Because although, like his children, Logan Roy is power hungry, he has changed. And Cox, who has worn this character like a second skin for the past three seasons, is the best equipped to speak to those changes. His opinion of Logan’s current place in the world? That would be “stuck.”

“I think that’s his tragedy, in a way. There’s a certain misanthropy there, and we haven’t been given clues as to where that misanthropy comes from,” he maintains. “That’s why the writers are so gifted, because they don’t dwell on that. They know that human nature is much more complicated. And so Logan is full of little clues, but there’s not a resolution to him because the writers don’t want that resolution.”

So where does he go from here, this life unfinished? Is there up, or only further down? “It will progress, and it does progress; life progresses, and that will happen,” Cox says vaguely, his lilting, lyrical accent softening the blow of his ambiguity.

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He does say this, though: “It’s going to be jolly exciting. Our writers have vision, and we have to trust that vision. They don’t want to give any of it away, and I understand that. When something is as good as what we’ve created, it becomes relatively precious. It’s fascinating to be in the middle of it and observe how people react to it. It’s an important show, because in a sense, [creator Jesse Armstrong and his team] are really political writers. They are really examining human nature and what it does to our day-to-day existence.”

It’s long been thought that Succession was inspired by the life of media magnate Rupert Murdoch. But is there truth to it? According to Cox … maybe.

“Everybody says that, but I just don’t know,” he admits. “Logan thinks people are pretty awful — he’s got a bit of a negative view of life. I’m not sure if Murdoch’s like that. But because there are three boys and a girl in the family, everyone naturally assumes it’s the Murdochs. And the Murdochs might have been a spring-off board, but it’s a very different family.”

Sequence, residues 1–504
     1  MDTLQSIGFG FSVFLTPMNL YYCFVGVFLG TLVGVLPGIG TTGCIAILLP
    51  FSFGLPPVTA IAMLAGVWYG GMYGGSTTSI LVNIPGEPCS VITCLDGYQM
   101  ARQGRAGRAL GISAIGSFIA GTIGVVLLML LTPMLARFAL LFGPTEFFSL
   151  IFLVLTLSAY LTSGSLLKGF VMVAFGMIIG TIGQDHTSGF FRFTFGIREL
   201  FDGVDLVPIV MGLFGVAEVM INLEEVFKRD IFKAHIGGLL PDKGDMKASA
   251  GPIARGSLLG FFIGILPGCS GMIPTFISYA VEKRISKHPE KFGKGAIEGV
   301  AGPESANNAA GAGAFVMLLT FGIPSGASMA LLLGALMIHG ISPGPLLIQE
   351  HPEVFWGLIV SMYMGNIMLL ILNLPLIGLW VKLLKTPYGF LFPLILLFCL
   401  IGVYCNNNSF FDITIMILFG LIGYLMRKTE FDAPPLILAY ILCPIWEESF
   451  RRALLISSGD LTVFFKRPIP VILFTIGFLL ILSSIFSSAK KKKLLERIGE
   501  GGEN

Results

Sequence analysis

Since Cox is not the writer, it’s probably a good thing he can’t definitively say if the News Corp founder’s family was the impetus for Succession … especially given that he had an accidental run-in with one of them.

Just before the third season premiered, he was hanging out, having a latte at a local café in Primrose Hill — the upscale London neighborhood that he calls home when he’s not in New York — and someone behind him in line opened a conversation with, “You know, it’s interesting.” Cox continues. “I said, ‘What?’ He went, ‘The show, it’s really interesting. We’ve really taken to it.’ I said, ‘Oh, that’s nice.’ But then he added, ‘Well, my wife has a little difficulty with it now and again, but on the whole, she’s actually pretty tolerant of it.’” In the retelling, Cox raises his eyebrow, saying sardonically, “I said, ‘Well, I’m very glad your wife is tolerant of it. And who might your wife be?’ [Drumroll please.] He said, ‘My wife is Elisabeth Murdoch.’ I went, ‘Oh! Well! You know, it’s not about the Murdochs. It’s just coincidental.’ He said, ‘Oh yes, they know that. They know their own family history, so they know [Succession] is very different, and in their opinion, they don’t behave like that. In their opinion; I don’t venture into that territory.’”

Of Murdoch’s husband, artist and art dealer Keith Tyson, Cox recalls, “He was very sweet, actually. He said, ‘Do you think you could maybe be a little kinder to her in the next season?’ I had to tell him, ‘That’s not what this show is about.’ Their opinion is their opinion. This show is not the Murdochs. It’s the Roys. And Logan is a very different animal from Rupert. They probably have a cynical outlook about what things are, but apart from that, there’s a difference.”